This is a picture of a typical building on Main Street in Charlotte Amalia, St. Thomas. What make this building unique is that in 1830 the Impressionist painter Camille Pissarro was born here. Camille Pissarro went to school in France when he was eleven years old. He returned at the age of 17. In July of 1848, after a slave revolt on the island of St. Croix, he witnessed the emancipation of the slaves. His experiences developed strong beliefs in individual liberty which he carried with him throughout his life. His paintings reflect his love for the common man and pay tribute to peasants, laborers and the lower classes.

During the Napoleonic Wars, Britain took over Hassel Island which is in the harbor of Charlotte Amalia. While they were there they designed and build a small fort, garrison and munitions building. The munitions building is particularly interesting as it is the only building of it’s kind in the world, designed to wick away heat and keep gunpowder from exploding.

This picture shows one of the windows which were sheathed in copper.

Another window, still attached. Notice how thick the walls are.

This is a nice example of brick, stone and plaster work.

When one looks at the many buildings and ruins of plantations, estate houses, warehouses and forts, one can easily forget that the majority of these fine buildings, which have withstood hurricanes and earthquakes, were built with slave labor.


  1. Beautiful buildings. I especially like seeing the detail in that last picture.

  2. Wow Bish -- great pictures. It makes you realize just how hard it was for the people who built these places, not to mention their quality of work to stand up to the test of time.

    Whenever I see your pictures, I start thinking about pirates. Were they a big problem there?

  3. They are beautiful buildings Adrienne...every one of them has its own "aura"

    Rena, There were pirates. Before the majority of the smaller islands were colonized the pirates used their bay and coves and harbors as places to hide. But once St. Thomas was settled by the Danes the pirates had pretty much been pushed out or captured.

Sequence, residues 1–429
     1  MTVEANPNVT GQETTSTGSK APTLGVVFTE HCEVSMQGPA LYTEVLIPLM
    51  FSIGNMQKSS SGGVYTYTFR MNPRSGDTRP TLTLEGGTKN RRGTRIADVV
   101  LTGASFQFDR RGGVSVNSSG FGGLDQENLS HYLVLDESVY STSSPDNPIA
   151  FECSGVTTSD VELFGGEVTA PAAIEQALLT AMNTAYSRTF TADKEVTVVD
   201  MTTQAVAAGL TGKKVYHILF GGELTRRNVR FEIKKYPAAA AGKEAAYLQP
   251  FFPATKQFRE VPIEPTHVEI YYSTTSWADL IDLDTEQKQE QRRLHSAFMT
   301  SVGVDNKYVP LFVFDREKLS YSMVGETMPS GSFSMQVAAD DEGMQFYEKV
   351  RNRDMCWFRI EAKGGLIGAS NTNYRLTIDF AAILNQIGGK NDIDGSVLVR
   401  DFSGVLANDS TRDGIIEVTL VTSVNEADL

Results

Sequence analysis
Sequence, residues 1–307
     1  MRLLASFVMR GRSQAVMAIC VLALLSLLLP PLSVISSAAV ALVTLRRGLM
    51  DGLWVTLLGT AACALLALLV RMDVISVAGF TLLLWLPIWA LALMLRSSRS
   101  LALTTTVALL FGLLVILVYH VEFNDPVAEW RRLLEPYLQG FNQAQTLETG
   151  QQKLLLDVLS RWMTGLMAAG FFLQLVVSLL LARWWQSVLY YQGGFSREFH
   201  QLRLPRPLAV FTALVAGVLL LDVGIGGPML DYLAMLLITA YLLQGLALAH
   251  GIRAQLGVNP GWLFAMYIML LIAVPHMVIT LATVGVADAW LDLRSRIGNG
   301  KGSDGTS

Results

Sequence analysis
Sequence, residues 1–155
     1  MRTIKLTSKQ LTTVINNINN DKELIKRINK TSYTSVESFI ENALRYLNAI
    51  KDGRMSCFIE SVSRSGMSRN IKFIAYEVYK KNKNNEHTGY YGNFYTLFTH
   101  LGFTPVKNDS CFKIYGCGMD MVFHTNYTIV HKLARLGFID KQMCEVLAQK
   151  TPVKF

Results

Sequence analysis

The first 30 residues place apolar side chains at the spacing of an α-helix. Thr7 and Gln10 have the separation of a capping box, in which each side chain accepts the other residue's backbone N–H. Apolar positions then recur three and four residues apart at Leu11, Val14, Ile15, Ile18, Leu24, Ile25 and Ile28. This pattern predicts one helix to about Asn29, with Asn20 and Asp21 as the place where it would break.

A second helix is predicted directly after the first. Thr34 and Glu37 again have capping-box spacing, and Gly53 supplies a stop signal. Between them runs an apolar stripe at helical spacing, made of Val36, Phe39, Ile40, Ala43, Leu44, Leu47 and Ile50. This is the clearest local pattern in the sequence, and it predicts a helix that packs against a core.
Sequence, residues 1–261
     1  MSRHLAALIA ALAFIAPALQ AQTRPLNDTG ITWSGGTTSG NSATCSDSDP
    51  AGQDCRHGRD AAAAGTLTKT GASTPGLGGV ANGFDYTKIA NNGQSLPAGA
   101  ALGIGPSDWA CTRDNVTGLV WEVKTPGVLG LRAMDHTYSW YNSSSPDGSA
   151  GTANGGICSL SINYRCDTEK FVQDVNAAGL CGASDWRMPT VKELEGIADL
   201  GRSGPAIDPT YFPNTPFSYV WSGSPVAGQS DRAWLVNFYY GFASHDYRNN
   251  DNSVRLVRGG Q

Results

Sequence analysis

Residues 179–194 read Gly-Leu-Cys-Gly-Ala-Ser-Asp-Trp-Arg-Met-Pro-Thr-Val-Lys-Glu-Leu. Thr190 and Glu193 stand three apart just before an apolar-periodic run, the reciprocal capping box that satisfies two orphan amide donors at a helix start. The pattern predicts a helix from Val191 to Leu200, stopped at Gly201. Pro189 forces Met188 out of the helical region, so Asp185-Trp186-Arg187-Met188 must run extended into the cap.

Of course there are local legends, that treasure was hidden in the caves at Norman Island and there is a cay called Dead Chest (which has a special story I'll blog about some day) and there are stories that Blue Beard and Black Beard and others passed through. But as for them being a BIG problem, I don't think so, not in our immediate area. They were after the Spanish gallions coming back from Mexico loaded with gold, they were after the English merchant ships. In those early days, the 1500 to like the mid
    1600's the little islands were hide-outs.

  4. Bish;
    I loved all of your pictures but my favorite is the etching on the beautiful!

  5. I like that etching too, and I find all of this so interesting. I had no idea that Pissarro was born in St Thomas, though I seem to remember his father was Jewish.

  6. Angela, when I was kid, the dungeon, where the etchings are (there's also one of a sailing ship) still had shackles hanging from the wall....

    You are right Mary, Pissarro's parents were Jewish. In fact, the second oldest synagog in the Western Hemisphere is on St. Thomas.

  7. I love the architecture - the stone and brick. The etching in the wall is terrific!

  8. What beautiful pictures...and what a history...